Alternative Pastas

Published March 1, 2005.

We tested five kinds of unconventional spaghetti to see how they tasted.

Overview:

Nowadays, even the least ambitious supermarkets are stocking alternative-grain pastas alongside standard semolina wheat pastas. Fad diets and food allergies aside, how do they taste? We bought five packages of unconventional spaghetti to find out.

Texture turned out to be the downfall of three of these pastas, which were gritty, shaggy, mushy, or overly delicate. A fourth ably passed the texture test, but some tasters found it "completely flavorless." Only the product made from spelt, a grain that's similar to wheat, got high marks across the board. (Unlike the other four pastas, however, this brand is not gluten-free.)

So where did we come out? On its own, the spelt product outperformed all others in the taste category. Matched with a substantial enough sauce, however, either of our two recommended pastas were nearly indistinguishable from semolina wheat pasta.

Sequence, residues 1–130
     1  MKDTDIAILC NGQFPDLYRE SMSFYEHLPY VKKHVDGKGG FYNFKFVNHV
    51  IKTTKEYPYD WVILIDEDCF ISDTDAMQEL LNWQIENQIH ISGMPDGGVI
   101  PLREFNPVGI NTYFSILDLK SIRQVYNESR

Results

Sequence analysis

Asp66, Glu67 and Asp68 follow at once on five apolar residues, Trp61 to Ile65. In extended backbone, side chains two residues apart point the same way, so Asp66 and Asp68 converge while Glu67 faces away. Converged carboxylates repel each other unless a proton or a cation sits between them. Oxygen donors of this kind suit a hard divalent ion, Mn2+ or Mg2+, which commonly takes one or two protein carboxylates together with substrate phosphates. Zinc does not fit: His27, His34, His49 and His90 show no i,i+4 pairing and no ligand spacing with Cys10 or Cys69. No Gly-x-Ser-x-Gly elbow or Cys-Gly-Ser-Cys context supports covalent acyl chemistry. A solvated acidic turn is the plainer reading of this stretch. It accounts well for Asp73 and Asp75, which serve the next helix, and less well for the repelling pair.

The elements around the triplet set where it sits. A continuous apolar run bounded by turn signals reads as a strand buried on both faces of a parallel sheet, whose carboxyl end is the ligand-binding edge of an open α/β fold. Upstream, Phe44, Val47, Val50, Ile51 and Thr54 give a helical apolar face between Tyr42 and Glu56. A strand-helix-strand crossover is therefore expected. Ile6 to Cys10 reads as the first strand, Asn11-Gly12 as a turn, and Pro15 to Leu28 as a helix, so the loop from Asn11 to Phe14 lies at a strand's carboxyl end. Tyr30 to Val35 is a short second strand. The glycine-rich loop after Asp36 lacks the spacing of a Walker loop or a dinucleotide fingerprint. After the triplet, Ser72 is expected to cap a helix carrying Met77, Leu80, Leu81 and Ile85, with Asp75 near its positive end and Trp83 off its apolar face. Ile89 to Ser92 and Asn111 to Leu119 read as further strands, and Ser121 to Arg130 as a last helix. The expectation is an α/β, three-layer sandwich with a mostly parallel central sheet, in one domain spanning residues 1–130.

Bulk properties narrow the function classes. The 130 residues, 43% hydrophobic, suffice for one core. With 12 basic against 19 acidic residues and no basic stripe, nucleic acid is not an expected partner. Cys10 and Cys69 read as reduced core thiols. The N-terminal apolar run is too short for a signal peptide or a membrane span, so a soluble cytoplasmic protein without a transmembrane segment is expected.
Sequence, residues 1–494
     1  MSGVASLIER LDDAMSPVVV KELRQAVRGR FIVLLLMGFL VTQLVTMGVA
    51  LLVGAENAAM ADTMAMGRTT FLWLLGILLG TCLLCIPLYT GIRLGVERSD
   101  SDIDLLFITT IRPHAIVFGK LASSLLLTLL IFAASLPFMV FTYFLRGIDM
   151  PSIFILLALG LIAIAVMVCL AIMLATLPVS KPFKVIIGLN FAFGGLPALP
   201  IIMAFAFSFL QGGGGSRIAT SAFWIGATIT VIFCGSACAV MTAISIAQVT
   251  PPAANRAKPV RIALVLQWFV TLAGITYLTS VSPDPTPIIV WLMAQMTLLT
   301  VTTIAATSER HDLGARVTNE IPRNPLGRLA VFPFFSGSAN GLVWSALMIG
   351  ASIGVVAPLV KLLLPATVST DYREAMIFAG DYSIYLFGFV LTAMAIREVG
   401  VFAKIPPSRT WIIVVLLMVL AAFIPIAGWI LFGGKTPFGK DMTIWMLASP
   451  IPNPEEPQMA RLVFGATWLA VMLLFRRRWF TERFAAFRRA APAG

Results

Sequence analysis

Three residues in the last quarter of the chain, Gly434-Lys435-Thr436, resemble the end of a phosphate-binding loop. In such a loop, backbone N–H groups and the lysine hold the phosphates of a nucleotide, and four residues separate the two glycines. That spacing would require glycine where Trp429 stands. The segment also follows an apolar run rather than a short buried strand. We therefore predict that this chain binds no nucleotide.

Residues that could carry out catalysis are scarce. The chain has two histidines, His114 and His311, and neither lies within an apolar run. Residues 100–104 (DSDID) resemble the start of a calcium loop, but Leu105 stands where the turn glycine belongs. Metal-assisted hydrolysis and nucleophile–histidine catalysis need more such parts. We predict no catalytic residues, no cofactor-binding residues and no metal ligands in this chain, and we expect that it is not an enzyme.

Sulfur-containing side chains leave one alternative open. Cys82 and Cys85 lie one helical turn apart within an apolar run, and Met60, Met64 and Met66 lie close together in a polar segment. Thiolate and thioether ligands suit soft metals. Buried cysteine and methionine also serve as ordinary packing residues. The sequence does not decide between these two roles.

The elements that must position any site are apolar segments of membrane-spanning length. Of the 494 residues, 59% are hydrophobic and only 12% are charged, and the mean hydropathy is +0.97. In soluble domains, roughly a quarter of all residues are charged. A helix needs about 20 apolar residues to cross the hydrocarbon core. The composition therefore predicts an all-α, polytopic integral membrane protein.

Nowadays, even the least ambitious supermarkets are stocking alternative-grain pastas alongside standard semolina wheat pastas. Fad diets and food allergies aside, how do they taste? We bought five packages of unconventional spaghetti to find out.

Texture turned out to be the downfall of three of these pastas, which were gritty, shaggy, mushy, or overly delicate. A fourth ably passed the texture test, but some tasters found it "completely flavorless." Only the product made from spelt, a grain that's similar to wheat, got high marks across the board. (Unlike the other four pastas, however, this brand is not gluten-free.)

So where did we come out? On its own, the spelt product outperformed all others in the taste category. Matched with a substantial enough sauce, however, either of our two recommended pastas were nearly indistinguishable from semolina wheat pasta.

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